Sunday, January 27, 2008

Clarissa, Waldo, and Tom

There are parallels and correspondences between Emerson's Brahma and Eliot's Burnt Norton, on the one hand, and Woolf's Mrs. Dalloway, on the other. They are tantalizing, but, unfortunately, they are not profound. Emerson tells us much that Woolf shows: the dispassion of a fully-realized life and the paradoxes that emerge from that realization: the collapsing of space and time and the temporary suspension of the compulsions of ego and id.

Burnt Norton's resemblance is not so superficial. The place from which the poem takes its name is something like Clarissa's Bourton, a manor house he once visited having an ethereal rose garden. Possessing uncannily similar names, both are in Gloucestershire and both are freighted with nostalgia of nearly Edenic intensity.

Both the poem and the novel have a circular structure, returning at end to the point of departure, though this is less obvious in the novel. Both use the imagery of time to convey esoteric meaning: the flow of time; the experience of past, present and future; the illumination that accompanies a release from the confinement imposed by time. For both the word that best describes the enlightened state is love, not of physical desire, but a metaphysical acceptance of all and everything -- good and bad, important and trivial, handsome and ugly, permanent and transient. Both evoke nonexistence as counterpoint to the physical world, what Eliot calls the still point in the gap between un-being and being.

The big difference is one of religious faith. Eliot's point of view is entirely Christian, his faith in redemption and eternal life. Woolf neither accepts nor denies religious faith. It, like everything else, is part of life, but is not life itself. Woolf's point of view is more complex. She gives us the minute details of each living moment to treasure. She gives us our lives to live, fully if we can, but without any certainties, lacking all permanence, and having no freedom from doubt. Woolf's imagery deals with unfathomable nature -- that of oceans, skies, and piercing light -- and also much natural beauty -- of trees, gardens, and bounteous flowers. Her essential theme, I believe, is the peculiar courage that can face up to aboriginal fear -- fear of non-being, fear of death -- and, having allowed ourselves to exerience this deep amorphous dread, do more than survive, ourselves shine forth in fully-realized humanity. This is very different from Eliot's vision of purification, perfection, and spiritual unity.

Early in Mrs. Dalloway, Clarissa decides she should mend her dress. Woolf uses the dress itself, her acquisition of it, the maker, and its need for repair to show us Clarissa's compassion, ability to live life as it is, and potential to experience fear -- existential dread I would say -- as a necessary part of life. Using fairly complex imagery it's possible also that in this passage Woolf intimates Clarissa's capacity for enlightenment, the epiphany Clarissa will experience at the end of the novel which will reveal her fully to us as existential heroine, transformed but still present ("there she was") and still the person who will do for herself that she was at the outset.

Here is the passage:
Quiet descended on her, calm, content, as her needle, drawing the silk smoothly to its gentle pause, collected the green folds together and attached them, very lightly, to the belt. So on a summer’s day waves collect, overbalance, and fall; collect and fall; and the whole world seems to be saying “that is all” more and more ponderously, until even the heart in the body which lies in the sun on the beach says too, That is all. Fear no more, says the heart. Fear no more, says the heart, committing its burden to some sea, which sighs collectively for all sorrows, and renews, begins, collects, lets fall. And the body alone listens to the passing bee; the wave breaking; the dog barking, far away barking and barking.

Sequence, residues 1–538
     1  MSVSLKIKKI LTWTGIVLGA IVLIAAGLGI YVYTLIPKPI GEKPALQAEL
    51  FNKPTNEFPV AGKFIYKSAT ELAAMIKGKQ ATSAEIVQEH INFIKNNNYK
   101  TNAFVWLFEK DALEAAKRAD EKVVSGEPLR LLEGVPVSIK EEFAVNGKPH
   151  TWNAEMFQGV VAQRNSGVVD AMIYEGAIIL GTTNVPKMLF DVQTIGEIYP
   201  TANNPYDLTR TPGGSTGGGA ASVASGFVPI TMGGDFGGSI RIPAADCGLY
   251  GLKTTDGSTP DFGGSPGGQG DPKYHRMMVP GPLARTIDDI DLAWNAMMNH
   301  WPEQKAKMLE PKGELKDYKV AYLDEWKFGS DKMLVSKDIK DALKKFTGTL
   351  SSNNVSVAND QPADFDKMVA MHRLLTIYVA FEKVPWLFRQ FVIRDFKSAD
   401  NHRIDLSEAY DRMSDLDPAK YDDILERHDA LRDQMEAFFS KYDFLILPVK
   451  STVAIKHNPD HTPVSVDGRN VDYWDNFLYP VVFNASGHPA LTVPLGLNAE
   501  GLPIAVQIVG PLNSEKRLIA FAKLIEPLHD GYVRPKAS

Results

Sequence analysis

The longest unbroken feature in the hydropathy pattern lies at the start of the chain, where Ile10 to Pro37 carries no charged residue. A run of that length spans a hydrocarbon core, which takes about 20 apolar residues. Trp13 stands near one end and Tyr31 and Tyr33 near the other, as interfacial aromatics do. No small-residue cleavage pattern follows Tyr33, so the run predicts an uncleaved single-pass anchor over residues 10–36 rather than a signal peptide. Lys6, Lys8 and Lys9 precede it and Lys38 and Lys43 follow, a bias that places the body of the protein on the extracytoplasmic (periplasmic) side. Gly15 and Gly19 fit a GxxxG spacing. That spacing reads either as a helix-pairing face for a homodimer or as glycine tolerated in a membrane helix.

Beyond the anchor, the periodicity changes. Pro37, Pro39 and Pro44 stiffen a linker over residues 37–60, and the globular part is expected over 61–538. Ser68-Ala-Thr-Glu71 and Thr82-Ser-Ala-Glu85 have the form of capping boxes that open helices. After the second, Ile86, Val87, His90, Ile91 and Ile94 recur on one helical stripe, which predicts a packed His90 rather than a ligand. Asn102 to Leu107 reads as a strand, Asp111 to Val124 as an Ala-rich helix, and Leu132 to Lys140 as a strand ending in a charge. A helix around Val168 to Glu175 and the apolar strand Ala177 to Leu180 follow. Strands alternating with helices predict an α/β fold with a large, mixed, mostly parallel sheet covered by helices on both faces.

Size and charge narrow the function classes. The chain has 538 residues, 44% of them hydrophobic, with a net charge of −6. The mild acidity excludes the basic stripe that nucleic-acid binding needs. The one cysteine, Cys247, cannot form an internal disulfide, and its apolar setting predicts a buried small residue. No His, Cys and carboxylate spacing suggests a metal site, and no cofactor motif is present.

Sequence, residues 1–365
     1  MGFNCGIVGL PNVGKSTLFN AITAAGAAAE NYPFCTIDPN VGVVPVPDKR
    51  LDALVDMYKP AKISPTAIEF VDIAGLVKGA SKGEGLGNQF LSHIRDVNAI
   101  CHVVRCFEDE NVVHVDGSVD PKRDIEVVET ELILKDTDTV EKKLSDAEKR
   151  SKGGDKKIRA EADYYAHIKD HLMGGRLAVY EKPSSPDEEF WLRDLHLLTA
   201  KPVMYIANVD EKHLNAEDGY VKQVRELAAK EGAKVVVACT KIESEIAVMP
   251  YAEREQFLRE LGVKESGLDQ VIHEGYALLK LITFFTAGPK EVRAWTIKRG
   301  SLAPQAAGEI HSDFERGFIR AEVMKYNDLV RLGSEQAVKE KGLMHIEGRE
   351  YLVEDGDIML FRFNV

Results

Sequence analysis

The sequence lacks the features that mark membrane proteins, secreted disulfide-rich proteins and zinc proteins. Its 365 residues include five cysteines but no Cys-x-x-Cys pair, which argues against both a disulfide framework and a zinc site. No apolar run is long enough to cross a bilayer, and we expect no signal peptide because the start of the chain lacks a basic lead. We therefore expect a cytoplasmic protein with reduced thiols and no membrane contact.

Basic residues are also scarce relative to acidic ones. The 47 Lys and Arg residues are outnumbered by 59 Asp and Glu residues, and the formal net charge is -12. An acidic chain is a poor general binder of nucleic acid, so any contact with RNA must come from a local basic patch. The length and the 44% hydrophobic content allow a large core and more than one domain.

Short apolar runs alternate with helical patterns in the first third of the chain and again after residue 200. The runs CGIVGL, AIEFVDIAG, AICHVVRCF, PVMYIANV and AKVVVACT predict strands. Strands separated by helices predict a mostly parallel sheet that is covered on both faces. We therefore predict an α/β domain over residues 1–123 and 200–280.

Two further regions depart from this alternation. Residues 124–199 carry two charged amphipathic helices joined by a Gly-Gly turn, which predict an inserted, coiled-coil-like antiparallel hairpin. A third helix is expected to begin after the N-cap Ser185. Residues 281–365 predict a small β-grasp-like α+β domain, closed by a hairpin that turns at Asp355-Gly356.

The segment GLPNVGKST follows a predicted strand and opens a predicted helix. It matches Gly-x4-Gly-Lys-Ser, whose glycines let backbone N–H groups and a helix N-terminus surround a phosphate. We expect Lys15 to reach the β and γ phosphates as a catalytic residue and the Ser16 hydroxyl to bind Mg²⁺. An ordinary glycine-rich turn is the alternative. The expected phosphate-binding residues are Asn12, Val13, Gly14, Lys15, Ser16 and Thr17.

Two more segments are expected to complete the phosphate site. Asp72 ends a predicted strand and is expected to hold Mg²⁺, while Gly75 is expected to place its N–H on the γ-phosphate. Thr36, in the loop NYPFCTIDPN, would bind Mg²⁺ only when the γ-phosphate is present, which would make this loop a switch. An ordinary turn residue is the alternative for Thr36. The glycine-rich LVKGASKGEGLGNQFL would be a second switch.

Here's Emerson's poem. It's one of only a handful of really good ones that he wrote during his long lifetime and it first appeared in the very first issue of The Atlantic Monthly in November 1857.
by Ralph Waldo Emerson

If the red slayer think he slays,
Or if the slain think he is slain,
They know not well the subtle ways
I keep, and pass, and turn again.

Far or forgot to me is near,
Shadow and sunlight are the same,
The vanished gods to me appear,
And one to me are shame and fame.

They reckon ill who leave me out;
When me they fly, I am the wings;
I am the doubter and the doubt,
And I the hymn the Brahmin sings.

The strong gods pine for my abode,
And pine in vain the sacred Seven;
But thou, meek lover of the good!
Find me, and turn thy back on heaven.

Eliot's poem is widely available. An internet search turns up a number of locations where you can read Burnt Norton including this one.

He is the much greater poet; they are not in the same league at all. And Four Quartets, of which Burnt Norton is a part, is a masterpiece.

There's no intersection between the lives of Woolf and Emerson, of course, and no reason to expect that Woolf had more than passing interest in his poetry. Eliot, on the other hand, was more than an acquaintance of hers. She and Leonard published his poetry -- hand-setting it for printing at the Hogarth Press which they jointly ran. And Eliot is mentioned in her diaries, though it's not evident that his work had any influence on hers. Some anecdotes of Eliot and the Woolfs, along with a description of their early publishing business, is given here.

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